The Riverboat Boxes were produced in the early 1980s around the holiday season. They were dubbed the "Riverboat Boxes" at the distillery because the first two bottlings depicted riverboats. Approximately 21 different scenes appeared on the covers, including boats, various states and special events. The boxes held either two 750 ml bottles of Dickel or one bottle and two rocks glasses. These were limited edition bottlings, some as small as 25 cases. The riverboat editions seemed to be the most popular.

How Much Are Old Bottles of Dickel Worth?

From speaking with collectors over the years, we know that the age and condition of a bottle will determine its value, as you might expect. A bottle with all of its seals, labels, marks and packaging would be considered in mint condition, and its value would be much higher than an empty bottle. If you think one of your bottles may be worth something, we suggest checking with an antiques dealer or bottle collector.

How Much Are Certain Dickel Collector's Items Worth?

While they're all priceless to us, no exact price can be applied to any single item. Many George Dickel collectibles are traded online. Their value, as with most collectibles, is a matter of personal taste.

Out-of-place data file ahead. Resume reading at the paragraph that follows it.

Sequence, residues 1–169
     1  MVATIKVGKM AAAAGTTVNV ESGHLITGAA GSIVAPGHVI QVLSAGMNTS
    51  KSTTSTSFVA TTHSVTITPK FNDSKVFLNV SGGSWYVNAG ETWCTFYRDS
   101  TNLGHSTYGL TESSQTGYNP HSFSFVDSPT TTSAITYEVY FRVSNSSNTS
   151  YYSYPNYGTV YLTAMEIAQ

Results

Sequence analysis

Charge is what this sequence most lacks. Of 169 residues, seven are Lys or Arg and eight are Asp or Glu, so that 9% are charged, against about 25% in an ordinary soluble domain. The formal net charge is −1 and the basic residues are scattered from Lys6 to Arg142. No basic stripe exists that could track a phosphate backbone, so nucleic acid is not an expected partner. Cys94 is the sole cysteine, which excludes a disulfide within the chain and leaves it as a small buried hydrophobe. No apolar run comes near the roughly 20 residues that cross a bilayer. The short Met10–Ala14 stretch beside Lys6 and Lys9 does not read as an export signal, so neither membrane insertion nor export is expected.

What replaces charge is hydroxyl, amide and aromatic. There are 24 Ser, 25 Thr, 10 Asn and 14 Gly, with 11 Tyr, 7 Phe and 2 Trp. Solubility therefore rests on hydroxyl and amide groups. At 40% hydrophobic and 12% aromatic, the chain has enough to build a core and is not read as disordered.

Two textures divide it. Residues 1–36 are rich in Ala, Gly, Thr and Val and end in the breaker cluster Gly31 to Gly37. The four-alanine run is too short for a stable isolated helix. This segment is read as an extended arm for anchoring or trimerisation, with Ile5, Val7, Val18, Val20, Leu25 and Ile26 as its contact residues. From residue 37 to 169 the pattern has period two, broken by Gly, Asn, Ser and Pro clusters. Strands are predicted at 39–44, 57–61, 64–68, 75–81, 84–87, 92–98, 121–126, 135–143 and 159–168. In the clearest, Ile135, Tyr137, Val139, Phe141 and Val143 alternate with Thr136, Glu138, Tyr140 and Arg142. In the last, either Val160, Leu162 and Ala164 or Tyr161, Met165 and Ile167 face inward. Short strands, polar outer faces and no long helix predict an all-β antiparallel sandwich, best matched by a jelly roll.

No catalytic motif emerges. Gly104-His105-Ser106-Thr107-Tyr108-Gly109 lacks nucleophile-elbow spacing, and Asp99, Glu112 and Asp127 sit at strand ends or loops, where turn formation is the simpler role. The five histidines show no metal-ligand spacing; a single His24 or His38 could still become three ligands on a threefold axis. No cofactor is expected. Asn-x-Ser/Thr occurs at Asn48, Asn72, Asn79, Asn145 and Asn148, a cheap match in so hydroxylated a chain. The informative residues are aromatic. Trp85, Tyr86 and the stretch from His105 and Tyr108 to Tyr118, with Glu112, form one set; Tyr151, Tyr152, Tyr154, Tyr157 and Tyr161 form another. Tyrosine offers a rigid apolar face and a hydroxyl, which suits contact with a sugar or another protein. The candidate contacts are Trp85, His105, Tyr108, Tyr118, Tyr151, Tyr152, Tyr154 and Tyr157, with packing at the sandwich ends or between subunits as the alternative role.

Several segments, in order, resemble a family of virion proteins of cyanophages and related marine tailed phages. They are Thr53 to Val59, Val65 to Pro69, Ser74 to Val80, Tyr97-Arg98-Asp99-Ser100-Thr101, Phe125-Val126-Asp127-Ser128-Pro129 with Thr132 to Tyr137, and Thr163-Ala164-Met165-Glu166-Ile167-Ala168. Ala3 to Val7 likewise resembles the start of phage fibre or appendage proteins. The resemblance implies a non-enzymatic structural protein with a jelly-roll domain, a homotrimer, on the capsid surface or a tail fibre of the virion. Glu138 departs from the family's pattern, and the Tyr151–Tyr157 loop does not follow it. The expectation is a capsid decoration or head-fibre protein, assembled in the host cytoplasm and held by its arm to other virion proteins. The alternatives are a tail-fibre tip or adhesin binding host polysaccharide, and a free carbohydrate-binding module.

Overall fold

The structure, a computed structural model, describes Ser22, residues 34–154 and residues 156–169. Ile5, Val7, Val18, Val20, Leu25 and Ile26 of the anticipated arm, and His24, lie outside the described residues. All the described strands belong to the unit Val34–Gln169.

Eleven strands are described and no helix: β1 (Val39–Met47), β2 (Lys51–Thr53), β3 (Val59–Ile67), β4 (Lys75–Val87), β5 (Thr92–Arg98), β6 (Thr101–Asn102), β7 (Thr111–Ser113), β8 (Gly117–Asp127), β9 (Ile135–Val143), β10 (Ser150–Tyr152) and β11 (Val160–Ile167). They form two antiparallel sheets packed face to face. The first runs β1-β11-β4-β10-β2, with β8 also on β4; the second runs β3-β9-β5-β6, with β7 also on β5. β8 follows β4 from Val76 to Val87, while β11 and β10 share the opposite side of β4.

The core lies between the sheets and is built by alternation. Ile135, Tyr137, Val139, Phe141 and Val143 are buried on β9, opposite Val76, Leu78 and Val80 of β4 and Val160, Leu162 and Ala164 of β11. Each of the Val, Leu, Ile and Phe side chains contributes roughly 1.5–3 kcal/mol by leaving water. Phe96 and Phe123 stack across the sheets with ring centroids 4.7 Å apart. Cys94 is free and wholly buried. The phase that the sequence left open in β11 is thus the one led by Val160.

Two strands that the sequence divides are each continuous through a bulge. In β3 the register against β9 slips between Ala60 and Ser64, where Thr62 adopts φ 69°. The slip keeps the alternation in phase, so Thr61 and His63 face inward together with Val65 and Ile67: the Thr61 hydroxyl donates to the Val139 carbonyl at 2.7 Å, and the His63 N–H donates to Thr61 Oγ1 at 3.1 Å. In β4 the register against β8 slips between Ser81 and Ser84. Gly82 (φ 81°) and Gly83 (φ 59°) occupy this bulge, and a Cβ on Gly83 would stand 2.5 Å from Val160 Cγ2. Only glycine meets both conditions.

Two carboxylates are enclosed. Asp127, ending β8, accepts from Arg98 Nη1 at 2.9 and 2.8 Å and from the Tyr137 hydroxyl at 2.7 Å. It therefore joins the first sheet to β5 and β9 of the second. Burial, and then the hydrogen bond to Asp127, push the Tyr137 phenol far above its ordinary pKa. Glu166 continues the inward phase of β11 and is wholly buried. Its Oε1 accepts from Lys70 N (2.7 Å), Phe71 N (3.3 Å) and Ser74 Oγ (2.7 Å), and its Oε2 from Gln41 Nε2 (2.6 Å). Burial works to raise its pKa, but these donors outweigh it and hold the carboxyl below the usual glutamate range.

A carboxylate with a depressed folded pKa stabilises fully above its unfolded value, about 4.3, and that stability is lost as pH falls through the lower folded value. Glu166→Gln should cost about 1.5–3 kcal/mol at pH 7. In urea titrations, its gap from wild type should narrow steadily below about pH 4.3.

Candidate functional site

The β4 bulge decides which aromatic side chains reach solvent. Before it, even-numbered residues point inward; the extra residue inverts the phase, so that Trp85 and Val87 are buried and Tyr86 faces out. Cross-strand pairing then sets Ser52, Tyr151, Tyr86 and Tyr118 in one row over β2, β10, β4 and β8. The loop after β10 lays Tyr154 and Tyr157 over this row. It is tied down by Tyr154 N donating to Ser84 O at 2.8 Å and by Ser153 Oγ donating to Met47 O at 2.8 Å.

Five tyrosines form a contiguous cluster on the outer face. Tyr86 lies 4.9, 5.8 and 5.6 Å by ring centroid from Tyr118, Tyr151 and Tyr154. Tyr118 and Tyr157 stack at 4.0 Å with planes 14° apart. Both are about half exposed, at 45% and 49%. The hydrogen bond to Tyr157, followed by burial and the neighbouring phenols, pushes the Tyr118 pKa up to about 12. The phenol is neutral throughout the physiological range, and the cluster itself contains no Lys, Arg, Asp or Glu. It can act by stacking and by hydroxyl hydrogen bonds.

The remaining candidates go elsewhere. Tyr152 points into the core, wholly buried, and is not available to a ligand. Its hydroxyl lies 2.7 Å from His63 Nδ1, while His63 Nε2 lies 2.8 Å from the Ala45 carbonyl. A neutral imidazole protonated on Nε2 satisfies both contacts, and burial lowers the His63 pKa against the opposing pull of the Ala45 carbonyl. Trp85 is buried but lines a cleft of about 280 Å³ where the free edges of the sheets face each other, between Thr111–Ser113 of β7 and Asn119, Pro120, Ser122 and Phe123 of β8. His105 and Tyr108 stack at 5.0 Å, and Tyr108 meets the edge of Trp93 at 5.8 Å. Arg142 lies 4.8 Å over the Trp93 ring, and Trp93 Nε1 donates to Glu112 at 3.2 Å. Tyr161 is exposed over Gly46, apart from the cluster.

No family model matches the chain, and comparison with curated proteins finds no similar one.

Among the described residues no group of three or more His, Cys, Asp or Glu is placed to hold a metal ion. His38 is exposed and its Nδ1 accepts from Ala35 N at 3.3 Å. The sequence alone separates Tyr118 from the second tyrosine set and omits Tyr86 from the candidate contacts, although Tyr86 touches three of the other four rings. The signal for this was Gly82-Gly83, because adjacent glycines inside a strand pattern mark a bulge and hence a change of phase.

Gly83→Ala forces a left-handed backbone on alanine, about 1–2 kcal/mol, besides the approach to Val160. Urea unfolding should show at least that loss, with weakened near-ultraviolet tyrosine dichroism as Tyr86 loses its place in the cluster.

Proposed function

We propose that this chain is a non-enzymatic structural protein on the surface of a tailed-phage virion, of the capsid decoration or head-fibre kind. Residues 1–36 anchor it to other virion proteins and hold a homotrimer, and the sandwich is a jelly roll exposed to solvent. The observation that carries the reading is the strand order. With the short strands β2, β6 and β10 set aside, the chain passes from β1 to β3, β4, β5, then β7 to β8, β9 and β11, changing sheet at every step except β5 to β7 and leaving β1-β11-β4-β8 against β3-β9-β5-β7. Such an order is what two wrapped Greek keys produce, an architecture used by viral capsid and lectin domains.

Do You Have Any Plans to Release New Whisky?

We always have our thumb on consumer demands and our consumers will be the first to know the news about future whisky releases.

How Should George Dickel Whiskies Be Enjoyed?

George Dickel whiskies can be enjoyed in classic cocktails like the Manhattan or Old Fashioned as well as neat or on the rocks, which will allow the full flavor profiles to come through. However, as always, the best way to enjoy whisky is however you enjoy it best – as long as it’s responsibly.

How Old Are the Whiskies in Your Variants?

We don’t put age statements on all of our whiskies because we select them based on taste – not age. When they’re ready, our distiller and her team can taste it. That’s when we dump the barrels, bottle the whisky and ship it out to all our loyal consumers around the country.